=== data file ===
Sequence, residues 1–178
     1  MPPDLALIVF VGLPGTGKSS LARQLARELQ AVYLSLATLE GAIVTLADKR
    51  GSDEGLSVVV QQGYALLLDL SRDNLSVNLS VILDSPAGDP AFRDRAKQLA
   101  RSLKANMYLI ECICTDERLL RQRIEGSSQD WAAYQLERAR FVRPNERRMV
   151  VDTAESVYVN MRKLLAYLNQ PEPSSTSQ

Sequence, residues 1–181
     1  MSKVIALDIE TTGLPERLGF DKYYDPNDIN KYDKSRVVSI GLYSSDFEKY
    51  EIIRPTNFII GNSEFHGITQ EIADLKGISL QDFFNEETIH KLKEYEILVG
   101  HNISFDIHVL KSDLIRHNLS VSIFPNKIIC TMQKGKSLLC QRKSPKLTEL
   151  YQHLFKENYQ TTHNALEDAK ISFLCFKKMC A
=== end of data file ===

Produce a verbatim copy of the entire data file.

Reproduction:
Sequence, residues 1–178
     1  MPPDLALIVF VGLPGTGKSS LARQLARELQ AVYLSLATLE GAIVTLADKR
    51  GSDEGLSVVV QQGYALLLDL SRDNLSVNLS VILDSPAGDP AFRDRAKQLA
   101  RSLKANMYLI ECICTDERLL RQRIEGSSQD WAAYQLERAR FVRPNERRMV
   151  VDTAESVYVN MRKLLAYLNQ PEPSSTSQ

Sequence, residues 1–181
     1  MSKVIALDIE TTGLPERLGF DKYYDPNDIN KYDKSRVVSI GLYSSDFEKY
    51  EIIRPTNFII GNSEFHGITQ EIADLKGISL QDFFNEETIH KLKEYEILVG
   101  HNISFDIHVL KSDLIRHNLS VSIFPNKIIC TMQKGKSLLC QRKSPKLTEL
   151  YQHLFKENYQ TTHNALEDAK ISFLCFKKMC A